Which Joe gave his name to ‘sloppy joes’? We look at five interesting sandwiches and their lexical origins.
Definition of statistical inference in English:
statistical inference
noun
[mass noun] The theory, methods, and practice of forming judgements about the parameters of a population and the reliability of statistical relationships, typically on the basis of random sampling:
‘the problem is fundamental to statistical inference’[count noun] ‘a regression model was used to make statistical inferences about the risk of progression to AIDS’- ‘Not only must these models be more realistic, they must also permit fast computation in frequentist and Bayesian statistical inference.’
- ‘Qualitative sampling can be confusing, especially if one's knowledge regarding sampling methods originates from a framework of statistical inference.’
- ‘In the jargon of statistical inference this means that the relationship between deflation and depression is not ‘statistically significant.’’
- ‘In medical research the periodic calls for a wholesale switch to the use of bayesian statistical inference have been largely ignored.’
- ‘However, shifting one's means of justification implies a corresponding shift to an alternative model of statistical inference, and in some cases requires moving away from statistically based inference altogether.’
- ‘Without recombination, data would reflect a single realization of this process, making statistical inference a questionable project.’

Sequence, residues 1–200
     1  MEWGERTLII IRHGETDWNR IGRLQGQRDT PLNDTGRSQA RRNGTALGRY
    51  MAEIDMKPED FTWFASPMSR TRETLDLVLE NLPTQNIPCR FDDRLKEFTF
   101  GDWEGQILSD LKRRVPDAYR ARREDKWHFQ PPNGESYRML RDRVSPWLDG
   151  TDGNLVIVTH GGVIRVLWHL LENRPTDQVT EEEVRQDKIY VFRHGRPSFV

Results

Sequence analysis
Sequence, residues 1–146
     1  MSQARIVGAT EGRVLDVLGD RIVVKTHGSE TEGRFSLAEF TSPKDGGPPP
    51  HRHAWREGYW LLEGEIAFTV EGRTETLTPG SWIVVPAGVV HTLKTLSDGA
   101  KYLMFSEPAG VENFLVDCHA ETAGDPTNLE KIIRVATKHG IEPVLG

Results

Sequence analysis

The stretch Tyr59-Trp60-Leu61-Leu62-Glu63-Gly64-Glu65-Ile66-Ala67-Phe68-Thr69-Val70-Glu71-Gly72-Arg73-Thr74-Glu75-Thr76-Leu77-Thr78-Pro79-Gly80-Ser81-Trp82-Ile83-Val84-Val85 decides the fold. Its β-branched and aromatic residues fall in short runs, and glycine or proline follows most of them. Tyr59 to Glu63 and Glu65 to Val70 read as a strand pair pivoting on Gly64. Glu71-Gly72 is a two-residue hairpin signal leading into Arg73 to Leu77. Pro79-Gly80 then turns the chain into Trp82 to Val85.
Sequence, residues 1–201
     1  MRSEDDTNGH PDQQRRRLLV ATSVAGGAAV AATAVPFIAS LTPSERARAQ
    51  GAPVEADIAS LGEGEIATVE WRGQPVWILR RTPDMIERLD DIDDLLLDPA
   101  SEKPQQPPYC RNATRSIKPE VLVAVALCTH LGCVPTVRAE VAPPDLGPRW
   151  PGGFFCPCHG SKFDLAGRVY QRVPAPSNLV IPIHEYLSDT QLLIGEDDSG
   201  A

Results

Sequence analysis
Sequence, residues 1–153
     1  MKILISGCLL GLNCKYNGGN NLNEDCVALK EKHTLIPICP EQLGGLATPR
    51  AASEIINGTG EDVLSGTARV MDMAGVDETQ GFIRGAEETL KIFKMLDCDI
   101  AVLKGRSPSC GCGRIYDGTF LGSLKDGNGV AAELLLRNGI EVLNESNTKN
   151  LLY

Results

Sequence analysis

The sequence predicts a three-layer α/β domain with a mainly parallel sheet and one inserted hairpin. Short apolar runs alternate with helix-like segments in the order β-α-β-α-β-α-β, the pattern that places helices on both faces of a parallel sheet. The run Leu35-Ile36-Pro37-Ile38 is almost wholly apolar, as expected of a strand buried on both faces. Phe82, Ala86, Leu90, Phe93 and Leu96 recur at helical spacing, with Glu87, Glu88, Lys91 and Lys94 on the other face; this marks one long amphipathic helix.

- ‘This method falls within a novel approach to robust statistical inference from incomplete databases based on probability intervals.’
- ‘We propose a new method for approximate Bayesian statistical inference on the basis of summary statistics.’
- ‘For the system at hand, likelihood methods may provide a more reliable basis for statistical inference.’
- ‘Because these data are not drawn from a random sample, generalizations are based on intuitive plausibility rather than statistical inference.’
- ‘Second, the sample size is small; hence, the power of statistical inference is potentially limited in this study.’
- ‘Using the new family of models, we investigate the utility of a variety of new statistical inference procedures.’
- ‘The F-ratio associated with the sheep/goat variable should have been 1.57, not 1.33 as reported, although this should not have affected statistical inference.’
- ‘In statistical inference we infer certain facts about a large population - say, the average height of New Yorkers - from measurements made on a sample.’
- ‘His articles are more of a contribution to probability theory than to simultaneous statistical inference, and the reader in search of a convenient reference for such use might prefer.’
- ‘However, for anyone trained in statistical inference and experimental methodology, this will appear as just another blatant attempt to snatch victory out of the jaws of defeat.’
- ‘Other articles written by Savage relate to statistical inference, in particular the Bayesian approach.’
- ‘The purpose of this paper has been to acquaint cognitive science researchers with some of the core differences between the randomization and normal curve models of statistical inference.’
- ‘To that end, statistical inference using Poisson random field models provides powerful likelihood and Bayesian methods for quantifying some of these forces, such as mutation and directional selection.’
- ‘The development of theoretical models that can aid in understanding complicated demographic histories and provide a basis for methods of statistical inference has been another major aim of recent work.’
Further reading
6 punctuation marks you might be using incorrectly
Read moreWe take a look at several popular, though confusing, punctuation marks.
An A-Z of country name origins
Read moreFrom Afghanistan to Zimbabwe, discover surprising and intriguing language facts from around the globe.